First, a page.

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Weekly News Roundup 6/10/05

Fri, 06/10/2005 - 11:58am

Signaling for Stem Cells

By comparing two signaling networks, scientists, in a recent issue of Science, report a specific pathway critical for inducing human bone-marrow stem cells to differentiate into bone-forming cells Further research could be beneficial for increasing the precision with which stem cells can be persuaded to differentiate into specific cell types needed for tissue regeneration and engineering, the researchers write. The group used mass-spectrometry-based proteomics to compare the hundreds of proteins that are modified by phosphorylation in response to signals from two related receptor tyrosine kinases, which are receptors that regulate a variety of cellular processes by triggering multiple signaling cascades. The epidermal growth factor (EGF) receptor induced the human mesenchymal stem cells that the researchers studied to differentiate into bone-forming cells. Platelet-derived growth factor (PDGF) receptor did not induce bone-forming cells from the same stem cells, thus highlighting the fact that closely related signals often lead to very different cellular outcomes. The proteomic approach allowed the researchers to pinpoint a subtle difference in the two signals that accounted for the distinct biological responses.

Survey Seeks Top Scientists for a Study of Research Innovation

Who's doing the most innovative and important research in the fields of human genetics and nanotechnology? A team of US and European researchers will be asking that question through a survey that 1,200 leading scientists, industrial researchers, journal editors, and research program directors will be receiving this month. The questionnaire is part of an 18-month study to determine what factors lead to especially innovative and important research, with a goal of determining what institutions might do to foster it. The Project on Creative Capabilities and the Promotion of Highly Innovative Research (CREA) is being carried out by researchers at the Fraunhofer Institute for Systems and Innovation Research (ISI) in Germany, the Technology Policy and Assessment Center (TPAC) in the School of Public Policy at the Georgia Institute of Technology and Sussex University's Science and Technology Policy Research Unit in the United Kingdom. Using the results of the survey, the research team plans to identify about 60 scientists and research teams on both sides of the Atlantic that are responsible for creative research that has produced innovative breakthroughs in human genetics and nanotechnology. Using in-depth interviews with the individuals and systematic studies of scientific productivity, the CREA study will then attempt to determine the factors, both personal and environmental, that helped those researchers work so effectively.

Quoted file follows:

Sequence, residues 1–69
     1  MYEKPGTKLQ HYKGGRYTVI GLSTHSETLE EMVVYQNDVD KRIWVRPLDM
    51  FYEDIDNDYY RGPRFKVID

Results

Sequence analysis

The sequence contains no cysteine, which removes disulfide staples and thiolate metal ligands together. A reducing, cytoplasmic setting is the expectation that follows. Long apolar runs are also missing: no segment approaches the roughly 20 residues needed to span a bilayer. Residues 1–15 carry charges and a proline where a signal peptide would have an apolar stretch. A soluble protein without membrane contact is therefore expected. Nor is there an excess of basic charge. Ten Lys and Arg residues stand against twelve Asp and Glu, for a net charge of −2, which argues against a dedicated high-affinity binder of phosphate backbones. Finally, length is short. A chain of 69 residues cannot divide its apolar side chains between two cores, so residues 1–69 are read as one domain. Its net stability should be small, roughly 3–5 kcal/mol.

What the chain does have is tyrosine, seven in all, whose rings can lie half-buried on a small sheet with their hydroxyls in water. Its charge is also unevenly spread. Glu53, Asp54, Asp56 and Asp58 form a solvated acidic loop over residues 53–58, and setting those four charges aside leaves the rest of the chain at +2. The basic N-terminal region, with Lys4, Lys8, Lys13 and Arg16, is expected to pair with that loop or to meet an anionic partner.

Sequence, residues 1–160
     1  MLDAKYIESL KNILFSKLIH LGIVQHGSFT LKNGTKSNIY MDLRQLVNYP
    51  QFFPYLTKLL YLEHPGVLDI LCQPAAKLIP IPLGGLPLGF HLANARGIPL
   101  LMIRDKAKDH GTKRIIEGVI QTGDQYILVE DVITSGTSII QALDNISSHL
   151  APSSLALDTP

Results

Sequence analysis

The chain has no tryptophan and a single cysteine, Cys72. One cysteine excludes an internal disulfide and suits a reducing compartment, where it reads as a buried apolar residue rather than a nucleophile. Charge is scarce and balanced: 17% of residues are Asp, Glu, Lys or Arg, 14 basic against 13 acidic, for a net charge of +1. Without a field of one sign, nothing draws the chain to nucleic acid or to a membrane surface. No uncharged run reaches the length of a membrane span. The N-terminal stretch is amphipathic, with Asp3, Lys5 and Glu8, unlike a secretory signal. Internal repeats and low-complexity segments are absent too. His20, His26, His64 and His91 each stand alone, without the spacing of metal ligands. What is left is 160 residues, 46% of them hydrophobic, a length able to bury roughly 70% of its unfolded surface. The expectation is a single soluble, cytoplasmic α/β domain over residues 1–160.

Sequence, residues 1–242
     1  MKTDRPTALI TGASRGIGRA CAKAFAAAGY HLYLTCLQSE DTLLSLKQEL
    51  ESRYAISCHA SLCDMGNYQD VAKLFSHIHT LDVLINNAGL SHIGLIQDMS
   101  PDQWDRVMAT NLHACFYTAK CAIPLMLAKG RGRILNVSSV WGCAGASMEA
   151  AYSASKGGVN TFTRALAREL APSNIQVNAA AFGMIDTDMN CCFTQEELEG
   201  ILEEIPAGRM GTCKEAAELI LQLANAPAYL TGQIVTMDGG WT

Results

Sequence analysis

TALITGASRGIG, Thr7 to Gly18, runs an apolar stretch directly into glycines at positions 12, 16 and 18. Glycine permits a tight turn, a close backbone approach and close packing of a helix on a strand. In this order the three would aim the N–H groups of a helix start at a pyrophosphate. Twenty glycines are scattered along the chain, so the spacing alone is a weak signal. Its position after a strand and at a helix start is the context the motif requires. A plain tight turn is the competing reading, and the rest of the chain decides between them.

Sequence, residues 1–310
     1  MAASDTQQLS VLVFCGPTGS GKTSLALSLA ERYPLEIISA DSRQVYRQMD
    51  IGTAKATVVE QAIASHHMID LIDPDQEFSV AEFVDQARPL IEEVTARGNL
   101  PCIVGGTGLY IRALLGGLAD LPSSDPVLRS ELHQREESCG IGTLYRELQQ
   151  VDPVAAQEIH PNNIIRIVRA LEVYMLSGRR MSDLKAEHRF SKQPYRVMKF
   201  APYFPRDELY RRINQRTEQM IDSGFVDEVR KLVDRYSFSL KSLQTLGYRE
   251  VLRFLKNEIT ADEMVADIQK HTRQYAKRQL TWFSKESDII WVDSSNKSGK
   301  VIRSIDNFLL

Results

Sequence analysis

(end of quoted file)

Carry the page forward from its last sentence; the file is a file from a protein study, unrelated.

Collaboration on Biomarker-Based Diagnostic Products

Compugen, Tel Aviv, Israel, announced a collaboration agreement with Ortho-Clinical Diagnostics Inc., a Johnson & Johnson company, for the development and commercialization of immunoassay diagnostic markers. During the initial phase of the agreement, Ortho-Clinical Diagnostics will have the right to select up to nine biomarkers for development from Compugen’s portfolio, with the parties then collaborating on the initial clinical validation of the selected biomarkers. Under the agreement, successfully validated biomarkers will be developed into products and commercialized by Ortho-Clinical Diagnostics, with Compugen receiving milestone payments and license fees for each commercialized biomarker, in addition to revenue-based royalties. Compugen’s discovery process relies on the comprehensive predictive analysis of the human proteome provided by the company’s LEADS platform. The results of this analysis are used with a variety of discovery engines, each designed to identify novel proteins with specific desired characteristics from the vast number predicted by the discovery process.